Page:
Solid Gold: How Underworld's ‘Dubnobasswithmyheadman’ changed UK dance music forever
DJ Mag’s Solid Gold series revisits and examines the ongoing significance and influence of inspiring electronic albums throughout history. This month, we examine the impact of Underworld's 1994 breakthrough LP ‘Dubnobasswithmyheadman’ and the ways it changed the face of UK dance music forever...
In 1994, live performances by UK dance acts were big news. Electronic bands that straddled the divide between club sounds and song-styled accessibility were in vogue. The Prodigy, The Shamen, The Orb and 808 State all played gigs rather than DJ sets — a gateway drug for indie kids — and Orbital’s barnstorming set at Glastonbury converted a fair few to a life of beats and bass. But there was no one else quite like Underworld who, with their third album (and first with DJ Darren Emerson), ‘Dubnobasswithmyheadman’, blended outlandish art-rock ideas with singular takes on house, techno and ambient. Twenty-five years old, it’s aged gracefully, thanks in part to the band’s refusal to be trapped by genre.
‘Dubnobasswithmyheadman’ packed in everything from ‘Surf Boy’s delirious acid house, dub FX, and propulsive club drums, to ‘Tongue’s denuded ambient sliver of dawn-rise guitar. It had ‘Cowgirl’ which, with its looped, layered vocals, spiky synth line and thundering percussion, could cause clubs or concert halls alike to erupt; and it had the mellow, bass-led funk of ‘River Of Bass’, a sonic balm to soothe sore heads post-rave. Knitting it all together was an urge to experiment, and also a drive to hook in the listener with melodies and vocal phrases that stepped outside the diva samples or acid gurgles then so prevalent in dance records.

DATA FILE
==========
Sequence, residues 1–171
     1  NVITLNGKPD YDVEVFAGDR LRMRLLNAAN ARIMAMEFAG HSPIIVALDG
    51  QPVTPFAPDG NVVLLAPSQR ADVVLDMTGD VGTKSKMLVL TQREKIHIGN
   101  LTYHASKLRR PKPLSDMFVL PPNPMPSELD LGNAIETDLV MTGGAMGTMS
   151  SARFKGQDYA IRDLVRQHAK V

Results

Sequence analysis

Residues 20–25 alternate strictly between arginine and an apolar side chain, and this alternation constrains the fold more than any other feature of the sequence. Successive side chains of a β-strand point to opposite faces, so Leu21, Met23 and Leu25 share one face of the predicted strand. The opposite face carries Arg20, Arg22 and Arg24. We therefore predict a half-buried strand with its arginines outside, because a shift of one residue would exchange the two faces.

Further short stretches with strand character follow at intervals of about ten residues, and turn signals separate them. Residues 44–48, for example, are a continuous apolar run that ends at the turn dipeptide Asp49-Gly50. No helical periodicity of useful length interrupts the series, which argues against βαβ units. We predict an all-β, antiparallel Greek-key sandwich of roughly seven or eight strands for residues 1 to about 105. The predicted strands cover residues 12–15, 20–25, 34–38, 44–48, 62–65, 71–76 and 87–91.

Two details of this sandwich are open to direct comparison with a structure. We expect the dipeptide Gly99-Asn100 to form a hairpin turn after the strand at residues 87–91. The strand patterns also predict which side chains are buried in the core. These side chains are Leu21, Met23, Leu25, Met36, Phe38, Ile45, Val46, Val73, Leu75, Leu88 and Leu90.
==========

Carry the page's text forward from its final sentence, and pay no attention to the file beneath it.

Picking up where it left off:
On this album, Karl Hyde’s vocals were a malleable instrument, able to switch from mellifluous tones to adopted personalities, imitating accents and conjuring evocative imagery with spoken word monologues. Hyde’s lyrics were a strange stream of consciousness, the result of listening in to private conversations on public transport, then cutting up the words, William Burroughs style, and rearranging them into non-sequiturs spun out as stories. These words, paired with Underworld’s unearthly electronics, took on an extraordinary power. As Dorian Lynskey said in his 2014 Guardian feature around the album’s reissue, “Hyde is less a frontman than a conduit for a torrent of images, stray thoughts and overheard dialogue while the music has a vast, architectural quality, evoking railway tracks, alleyways, high-rises and secret corners”.
Underworld had been going a long time before they achieved success, and it took a shift into dance music to affect that change. Rick Smith, from Ammanford, Wales, and Karl Hyde, from Bewdley, Worcestershire, met in Cardiff while studying, and formed post-punk band The Screen Gemz, releasing one single in 1979. In the early ’80s, Smith and Hyde started synthpop group Freur, and released two albums through major labels Epic and CBS, ‘Doot-Doot’ and ‘Get Us Out Of Here’. They re-emerged in 1988 as Underworld, producing two more long-players. But their fortunes changed when the pair moved to Romford in Essex where they met DJ Darren Emerson and became a trio.